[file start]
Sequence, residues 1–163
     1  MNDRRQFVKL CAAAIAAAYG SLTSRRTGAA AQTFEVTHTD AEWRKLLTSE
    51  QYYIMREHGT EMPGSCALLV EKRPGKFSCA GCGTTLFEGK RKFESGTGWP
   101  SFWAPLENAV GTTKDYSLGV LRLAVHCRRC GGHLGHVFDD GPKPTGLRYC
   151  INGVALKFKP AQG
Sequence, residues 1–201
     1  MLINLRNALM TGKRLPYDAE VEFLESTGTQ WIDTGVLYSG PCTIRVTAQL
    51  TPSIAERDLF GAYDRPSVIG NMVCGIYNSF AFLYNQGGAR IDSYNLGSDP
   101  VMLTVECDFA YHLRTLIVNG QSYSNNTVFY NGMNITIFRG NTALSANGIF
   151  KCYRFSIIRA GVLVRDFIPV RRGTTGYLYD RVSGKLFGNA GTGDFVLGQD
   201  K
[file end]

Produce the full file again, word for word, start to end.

Sequence, residues 1–163
     1  MNDRRQFVKL CAAAIAAAYG SLTSRRTGAA AQTFEVTHTD AEWRKLLTSE
    51  QYYIMREHGT EMPGSCALLV EKRPGKFSCA GCGTTLFEGK RKFESGTGWP
   101  SFWAPLENAV GTTKDYSLGV LRLAVHCRRC GGHLGHVFDD GPKPTGLRYC
   151  INGVALKFKP AQG
Sequence, residues 1–201
     1  MLINLRNALM TGKRLPYDAE VEFLESTGTQ WIDTGVLYSG PCTIRVTAQL
    51  TPSIAERDLF GAYDRPSVIG NMVCGIYNSF AFLYNQGGAR IDSYNLGSDP
   101  VMLTVECDFA YHLRTLIVNG QSYSNNTVFY NGMNITIFRG NTALSANGIF
   151  KCYRFSIIRA GVLVRDFIPV RRGTTGYLYD RVSGKLFGNA GTGDFVLGQD
   201  K